There are practical aspects to having your work translated, as well, of course. First off, we're all always seeking ways to expand our audience, Secondly, that passive income stream can occasionally be a lifesaver. Which is why I warn against blithely handing over your translation rights when you sign with a publisher. Just because no one is interesting in translating you now doesn't mean that will always be the case. The global market is booming. Which means so is the translation market.

My work's been translated into a number of languages at this point, and I still love seeing the translated covers and hearing from fans who've only (or mostly) read me in their native language. Their comments and questions are particularly interesting, framed as they are by cultural differences.

Anyway, my Japanese translations are some of my very favorites. Partly that has to do with how engaged the Japanese readership is, partly it has to do with the fact that (the publisher) Shinshokan has been really good to work with--I feel like over the years my translator has become a friend--and partly it has to do with the fact that these translations are illustrated. Because of the wonderful art, a surprising number of my readers who don't speak Japanese have gone ahead and bought the translations! (So...kind of genuis on the part of the publisher. ;-))

Because I'm asked so often about the translation process (by other writers, yes, but also by readers), I thought it would be interesting to "interview" translator Aki Fuyuto and artist Yooichi Kadono (who, among other works, does the illustrations on the Art of Murder series).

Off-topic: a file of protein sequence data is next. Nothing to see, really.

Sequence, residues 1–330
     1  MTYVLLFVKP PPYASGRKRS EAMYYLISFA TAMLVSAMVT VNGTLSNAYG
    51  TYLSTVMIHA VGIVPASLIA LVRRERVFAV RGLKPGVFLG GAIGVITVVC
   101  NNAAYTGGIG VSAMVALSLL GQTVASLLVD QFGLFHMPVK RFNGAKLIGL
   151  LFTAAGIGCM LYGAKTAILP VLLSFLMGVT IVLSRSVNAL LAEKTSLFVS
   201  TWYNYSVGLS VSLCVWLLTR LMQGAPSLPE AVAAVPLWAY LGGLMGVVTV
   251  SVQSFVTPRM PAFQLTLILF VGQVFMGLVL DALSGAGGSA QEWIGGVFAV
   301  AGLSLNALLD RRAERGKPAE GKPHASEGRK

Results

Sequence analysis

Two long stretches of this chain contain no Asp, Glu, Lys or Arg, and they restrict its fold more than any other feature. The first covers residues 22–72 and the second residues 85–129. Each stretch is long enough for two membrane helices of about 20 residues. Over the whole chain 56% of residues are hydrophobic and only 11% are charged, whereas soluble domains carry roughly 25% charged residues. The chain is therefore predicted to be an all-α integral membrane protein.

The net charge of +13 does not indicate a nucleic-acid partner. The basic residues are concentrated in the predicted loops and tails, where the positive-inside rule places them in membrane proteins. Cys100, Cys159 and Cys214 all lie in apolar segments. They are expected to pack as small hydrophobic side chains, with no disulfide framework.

Hello to Josh and the readers of this blog! We are excited to get a chance to talk about ourselves here.
For those who wonder who we are, here is some information about ourselves.

Aki Fuyuto: a translator, mainly working on M/M romances with Monochrome Romance label, a sub label of Shinshokan. My first work as a translator was Josh's 'Icecapade.'

Yooichi Kadono: an illustrator. Worked in the film industry, which led to painting. With an offer from an editor in Shinshokan, started as an illustrator. My first work as an illustrator was Josh's 'The Case of Christmas.'

JL - Are you able to choose your own projects or are they assigned to you? If you're able to choose, what attracts you to a particular work? What do you look for? And if you're not able to choose, then what do you find especially satisfying in a work?

Aki Fuyuto: Yes, I can. I make a short list of M/M romance to translate for the publisher and decide with them which one is to be next.
What attracts me is difficult to put into words, but I like the intensity between two people and love to watch it turn their lives upside down, so savagely.

JL - That's it, isn't it? Love is a disrupter and a catalyst for change. It's not always positive--although in our stories it is.

Yooichi Kadono: I don't choose the project. I'll do it if an offer comes, unless I have other things already scheduled. I love to experience the new and unknown. I don't know much about 'satisfaction' in a work, um.

JL - :-D :-D :-D 

JL- What advice do you have for others wishing to enter your fields?    

Fuyuto: Love languages, dictionaries, and Google Search. Sometimes the latter two deceive you, so don't trust them, just be pals with them!

JL - Yes, more than once, Google Search has broken my heart. ;-D

Kadono: Most crucial thing is staying healthy. Even in the busiest time, you have to take good care of yourself.

JL - I think artists in general have trouble remembering this.

Questions for Aki Fuyuto

JL - My feeling is translation is a greatly under-appreciated art. How did you become interested in this line of work? Do you also write original fiction?